Readings will include: Homer, The Iliad, Aeschylus, The Persians, Herodotus, The Histories (Bks. 1 & 3), Sophocles, Antigone, Euripides, Medea and The Bacchae, Vergil, The Aeneid, Shakespeare, The Merchant of Venice, Jean Moréas, The Symbolist Manifesto, Novalis, Heinrich von Ofterdingen, Austen, Mansfield Park, Melville, The Encantadas, Dickens, Bleak House, Hardy, The Well-Beloved, Thomas Mann, Death in Venice, Banville, Doctor Copernicus.

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Comp. Lit.78200 - Fictions of the Psyche
Prof. Aciman

With its intricate and beguiling analysis of human motivation, psychological fiction has a long history and is known for its exclusive focus on desire, deceit and tangled human dynamics. The course seeks to examine how literature has portrayed the psyche and the paradox of human emotions. It will also establish a typology of the genre and a vocabulary with which to investigate what the French call the "roman d'analyse." Readings will include Ovid, Tristan, Boccaccio, Marguerite de Navarre, Cervantes, Sterne, Austen, Stendhal, Wharton, Svevo, and Radiguet.

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Comp. Lit. 79500 - Theory and Practice of Literary Scholarship and Criticism
Prof. Lombardi

This course will survey issues in contemporary literary theory, with particular attention to structuralism, reader-response theory, narratology, psychoanalysis, deconstruction, post-colonial and subaltern studies, neo-historicism, feminism, and cultural studies. Readings by Barthes, Gadamer, Eco, Genette, Lacan, Freud, Derrida, De Man, Johnson, Felman, Said, Appiah, Spivak, Foucault, Kristeva, Irigaray, Cixous, and others.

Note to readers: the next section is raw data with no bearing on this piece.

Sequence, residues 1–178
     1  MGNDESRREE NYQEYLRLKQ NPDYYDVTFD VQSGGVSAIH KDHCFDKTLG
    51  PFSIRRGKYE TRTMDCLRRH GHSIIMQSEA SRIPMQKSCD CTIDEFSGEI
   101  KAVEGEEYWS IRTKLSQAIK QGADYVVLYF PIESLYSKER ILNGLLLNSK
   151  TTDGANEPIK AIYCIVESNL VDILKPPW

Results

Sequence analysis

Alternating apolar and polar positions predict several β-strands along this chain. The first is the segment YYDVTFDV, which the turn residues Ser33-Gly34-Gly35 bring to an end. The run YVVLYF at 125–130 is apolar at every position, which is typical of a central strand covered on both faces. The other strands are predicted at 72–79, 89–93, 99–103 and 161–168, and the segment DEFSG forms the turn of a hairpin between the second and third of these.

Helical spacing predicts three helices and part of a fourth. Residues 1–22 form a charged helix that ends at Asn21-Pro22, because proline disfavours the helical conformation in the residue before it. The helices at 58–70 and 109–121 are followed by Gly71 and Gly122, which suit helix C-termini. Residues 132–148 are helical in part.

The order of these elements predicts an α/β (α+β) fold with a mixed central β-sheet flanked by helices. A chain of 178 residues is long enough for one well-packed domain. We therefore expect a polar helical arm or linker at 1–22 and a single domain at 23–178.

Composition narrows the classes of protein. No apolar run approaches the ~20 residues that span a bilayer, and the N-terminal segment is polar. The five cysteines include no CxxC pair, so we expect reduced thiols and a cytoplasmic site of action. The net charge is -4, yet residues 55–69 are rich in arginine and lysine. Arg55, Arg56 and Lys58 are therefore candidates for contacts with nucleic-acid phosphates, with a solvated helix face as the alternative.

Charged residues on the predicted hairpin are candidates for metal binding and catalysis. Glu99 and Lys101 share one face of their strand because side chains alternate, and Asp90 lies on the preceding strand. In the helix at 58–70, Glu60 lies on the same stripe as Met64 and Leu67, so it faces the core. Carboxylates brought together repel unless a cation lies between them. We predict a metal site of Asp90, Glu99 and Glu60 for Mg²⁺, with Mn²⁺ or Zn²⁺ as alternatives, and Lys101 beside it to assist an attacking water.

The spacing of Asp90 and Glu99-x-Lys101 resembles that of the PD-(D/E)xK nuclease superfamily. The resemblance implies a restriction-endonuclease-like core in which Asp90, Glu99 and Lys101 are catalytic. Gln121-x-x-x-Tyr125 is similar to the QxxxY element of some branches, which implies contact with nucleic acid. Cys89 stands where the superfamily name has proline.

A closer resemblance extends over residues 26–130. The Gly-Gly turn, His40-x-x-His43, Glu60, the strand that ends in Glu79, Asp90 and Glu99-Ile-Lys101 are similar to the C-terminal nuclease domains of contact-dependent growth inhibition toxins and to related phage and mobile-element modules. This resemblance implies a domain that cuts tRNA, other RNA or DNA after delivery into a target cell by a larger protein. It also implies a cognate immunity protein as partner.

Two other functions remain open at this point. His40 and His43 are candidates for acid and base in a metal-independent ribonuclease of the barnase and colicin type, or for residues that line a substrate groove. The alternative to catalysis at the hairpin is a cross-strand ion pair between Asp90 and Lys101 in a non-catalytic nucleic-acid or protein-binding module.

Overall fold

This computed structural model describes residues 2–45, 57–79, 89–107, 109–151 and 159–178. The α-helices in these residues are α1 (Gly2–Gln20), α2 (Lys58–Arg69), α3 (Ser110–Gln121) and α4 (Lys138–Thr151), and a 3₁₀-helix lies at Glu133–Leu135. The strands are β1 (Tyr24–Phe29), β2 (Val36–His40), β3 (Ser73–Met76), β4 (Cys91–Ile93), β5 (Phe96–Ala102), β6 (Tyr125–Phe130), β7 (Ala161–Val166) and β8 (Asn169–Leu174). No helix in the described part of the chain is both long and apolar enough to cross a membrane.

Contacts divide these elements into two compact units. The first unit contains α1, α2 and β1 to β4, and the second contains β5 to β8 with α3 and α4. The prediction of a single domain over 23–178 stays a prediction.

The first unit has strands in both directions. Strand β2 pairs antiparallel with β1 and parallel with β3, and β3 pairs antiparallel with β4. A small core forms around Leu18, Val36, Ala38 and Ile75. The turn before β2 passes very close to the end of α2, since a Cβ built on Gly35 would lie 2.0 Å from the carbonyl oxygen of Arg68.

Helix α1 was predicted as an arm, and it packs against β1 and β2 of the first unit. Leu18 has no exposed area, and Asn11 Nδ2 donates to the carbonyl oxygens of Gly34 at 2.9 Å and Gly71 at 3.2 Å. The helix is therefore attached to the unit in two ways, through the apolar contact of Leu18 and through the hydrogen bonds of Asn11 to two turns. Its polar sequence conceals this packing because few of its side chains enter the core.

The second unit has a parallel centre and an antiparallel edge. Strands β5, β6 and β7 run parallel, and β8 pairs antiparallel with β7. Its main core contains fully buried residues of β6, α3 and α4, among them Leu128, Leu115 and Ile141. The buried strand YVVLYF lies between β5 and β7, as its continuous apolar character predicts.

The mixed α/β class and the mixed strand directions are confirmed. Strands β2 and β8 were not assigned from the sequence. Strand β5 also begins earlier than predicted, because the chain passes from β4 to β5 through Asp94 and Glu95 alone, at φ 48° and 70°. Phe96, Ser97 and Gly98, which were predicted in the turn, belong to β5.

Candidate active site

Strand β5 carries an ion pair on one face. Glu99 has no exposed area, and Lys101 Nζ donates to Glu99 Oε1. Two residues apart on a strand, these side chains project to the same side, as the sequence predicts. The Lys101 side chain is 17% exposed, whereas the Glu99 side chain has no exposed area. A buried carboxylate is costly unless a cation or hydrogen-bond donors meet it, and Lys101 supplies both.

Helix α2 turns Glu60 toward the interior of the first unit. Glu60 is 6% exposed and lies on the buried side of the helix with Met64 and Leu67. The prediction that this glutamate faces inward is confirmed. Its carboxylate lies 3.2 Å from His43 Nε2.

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Comp. Lit. 80100 - The Faust Legend
Prof. Oppenheimer

Few figures in Western literature have attracted as much continuous interest from as many important writers, artists, composers and film-makers as that of Doctor Faustus, the mysterious sixteenth-century physician and necromancer whose legendary pact with the devil granted him superhuman powers. Starting with the earliest published version of the story, the famous Faust book dating from 1587 in Frankfurt (also available in translation), the course will explore strikingly different treatments of Faust's career by Christopher Marlowe, Goethe, and Thomas Mann, and the conflicting views of humanity's relations to nature and the divine implied by their masterpieces. Also investigated will be the influence of the Faust story on writers as diverse as Byron, Carlyle, Dostoyevski, Pushkin, Hawthorne, Paul Valéry, and Lawrence Durrell. Films such as Mephisto, Hanussen, and Bedazzled, which approach the story and its motif of the devil pact in modern ways, will be considered and, where possible, shown; operatic and other musical treatments will be considered, along with the Faust legend's impact on painting.--One brief in-class presentation. One research paper.

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Comp. Lit. 85000 - Literature and Psychoanalysis: Scenes of Childhood in Modernity
Prof. Ender

Cultural history shows that childhood became a defining category of experience in the nineteenth-century, culminating in the advent of the new "science" of psychoanalysis. This course will follow a double thread, analyzing literary representations in the light of psychoanalytical theory in an attempt to grasp how and why childhood is so central to the paradigm of modern subjectivity. Our focus on the literary act of cognitive empathy and imagination that gives rise to the image of the child will lead us to explore such questions as the pleasures and trials of remembrance, the relations between mother-tongue and father tongue, and the constitution and deconstruction of identities (especially around gender).